Tips for young people who want to enter the field of immunology: 1) Take time to figure out what field and type of research you would like to conduct. (2) Try to gain some hands-on research experience early on. (3) Find senior researchers with whom you are comfortable working with. (4) Be nice and you’ll probably attract nice people; science is all about group work and communication.

What being an Immunopaedia Ambassador means to me: Playing my part as a useful member of a community which eases the sharing of valuable information with the world.

How I have contributed to Immunopaedia so far: I have interviewed an important scientist working in the field of wild life TB research and looking forward to opportunities of doing more.

How can you get in touch with me ? LinkedIn, Twitter & ResearchGate

March 2020

Eunice Wavinya Kiamba from Kenya, currently pursuing based in The Gambia, is our ambassador of the month. Eunice is a PhD student in immunology researching on understanding early innate and adaptive immune responses associated with HPV vaccination and how these responses influence the generation of the protective antibody mediated immunity. She joined the Immunopaedia team in March 2019 and has made valuable contributions by writing articles and showcasing Immunopaedia.

Position: Doctoral student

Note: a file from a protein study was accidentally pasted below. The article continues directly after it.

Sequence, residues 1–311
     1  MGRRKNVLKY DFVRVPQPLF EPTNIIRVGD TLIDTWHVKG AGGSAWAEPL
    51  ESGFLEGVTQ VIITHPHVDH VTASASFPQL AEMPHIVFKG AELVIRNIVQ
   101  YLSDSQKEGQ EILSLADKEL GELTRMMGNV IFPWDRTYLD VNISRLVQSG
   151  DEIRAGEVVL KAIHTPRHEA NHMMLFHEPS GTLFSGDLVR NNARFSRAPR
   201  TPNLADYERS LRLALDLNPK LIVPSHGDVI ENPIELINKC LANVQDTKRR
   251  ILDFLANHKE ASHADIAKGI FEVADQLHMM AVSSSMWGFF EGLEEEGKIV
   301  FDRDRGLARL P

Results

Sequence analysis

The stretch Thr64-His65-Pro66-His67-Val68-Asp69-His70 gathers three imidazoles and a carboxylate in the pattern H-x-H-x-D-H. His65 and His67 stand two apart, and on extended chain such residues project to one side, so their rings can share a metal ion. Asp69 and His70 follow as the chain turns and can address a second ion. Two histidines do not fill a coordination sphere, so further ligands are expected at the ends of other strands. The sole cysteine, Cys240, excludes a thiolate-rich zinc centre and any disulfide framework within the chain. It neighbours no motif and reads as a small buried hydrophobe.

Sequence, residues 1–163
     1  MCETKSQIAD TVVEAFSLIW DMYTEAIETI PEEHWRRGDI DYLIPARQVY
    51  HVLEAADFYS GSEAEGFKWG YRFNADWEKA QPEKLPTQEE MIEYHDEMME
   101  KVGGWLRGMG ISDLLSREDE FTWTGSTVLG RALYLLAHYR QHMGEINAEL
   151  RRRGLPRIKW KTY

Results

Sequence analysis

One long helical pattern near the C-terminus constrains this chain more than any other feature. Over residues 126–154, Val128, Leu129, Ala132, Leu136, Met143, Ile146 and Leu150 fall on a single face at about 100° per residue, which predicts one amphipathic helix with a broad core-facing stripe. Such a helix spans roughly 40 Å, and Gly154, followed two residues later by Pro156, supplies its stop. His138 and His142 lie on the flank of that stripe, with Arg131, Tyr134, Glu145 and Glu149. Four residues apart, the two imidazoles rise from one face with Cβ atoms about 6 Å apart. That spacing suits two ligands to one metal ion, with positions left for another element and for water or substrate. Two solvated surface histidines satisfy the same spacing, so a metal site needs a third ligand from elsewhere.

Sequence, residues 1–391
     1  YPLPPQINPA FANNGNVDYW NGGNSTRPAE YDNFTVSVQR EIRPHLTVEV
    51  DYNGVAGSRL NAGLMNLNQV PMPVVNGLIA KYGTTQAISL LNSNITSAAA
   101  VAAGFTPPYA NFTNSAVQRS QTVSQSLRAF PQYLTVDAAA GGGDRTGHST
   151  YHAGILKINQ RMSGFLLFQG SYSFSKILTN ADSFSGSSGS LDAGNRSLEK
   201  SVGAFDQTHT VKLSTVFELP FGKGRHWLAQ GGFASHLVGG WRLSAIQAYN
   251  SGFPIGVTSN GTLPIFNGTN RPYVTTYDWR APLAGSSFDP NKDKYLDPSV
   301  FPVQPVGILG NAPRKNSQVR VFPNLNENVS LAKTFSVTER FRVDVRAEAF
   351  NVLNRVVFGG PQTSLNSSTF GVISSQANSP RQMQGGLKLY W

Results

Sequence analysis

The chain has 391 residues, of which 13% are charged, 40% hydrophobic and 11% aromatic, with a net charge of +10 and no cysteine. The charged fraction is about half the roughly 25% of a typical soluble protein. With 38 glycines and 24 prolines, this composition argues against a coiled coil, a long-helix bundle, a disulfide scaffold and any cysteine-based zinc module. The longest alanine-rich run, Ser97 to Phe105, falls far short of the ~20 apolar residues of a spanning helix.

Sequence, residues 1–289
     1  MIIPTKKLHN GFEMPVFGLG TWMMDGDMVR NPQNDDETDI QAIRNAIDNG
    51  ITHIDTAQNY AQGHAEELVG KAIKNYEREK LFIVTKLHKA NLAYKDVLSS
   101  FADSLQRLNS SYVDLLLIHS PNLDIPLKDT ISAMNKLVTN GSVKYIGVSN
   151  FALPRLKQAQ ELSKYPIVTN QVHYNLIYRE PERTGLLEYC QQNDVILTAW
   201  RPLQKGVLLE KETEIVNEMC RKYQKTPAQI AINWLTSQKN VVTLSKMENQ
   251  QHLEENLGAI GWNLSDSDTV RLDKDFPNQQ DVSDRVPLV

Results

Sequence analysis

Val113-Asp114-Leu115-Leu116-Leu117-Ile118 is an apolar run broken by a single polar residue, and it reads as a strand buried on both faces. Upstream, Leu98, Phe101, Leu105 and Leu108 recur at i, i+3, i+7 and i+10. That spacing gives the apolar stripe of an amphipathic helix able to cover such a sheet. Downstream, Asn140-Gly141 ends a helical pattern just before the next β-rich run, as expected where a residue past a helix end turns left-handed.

Research Institute: Medical Research Council Unit The Gambia at London School of Hygiene and Tropical Medicine

Research interests: I am passionate about vaccine immunology particularly antibody mediated immunity as well as the early innate and cellular mechanisms that drive the generation of sustainable antibody responses for long-term protection. I have developed and still learning relevant molecular and immunological skills applicable in solving immunological problems around relevant diseases in Sub-Saharan Africa where disease burden is highest. My current PhD project is aimed at understanding early innate, plasma cell, memory B cells and T follicular helper cell responses to HPV vaccination and how these responses influence the generation of the excellent serological protection that is usually observed from current HPV vaccines.

Recent publications: Plasmodium PHISTc (PF3D7_0936800) is a target of naturally acquired immunity to malaria (manuscript under revision).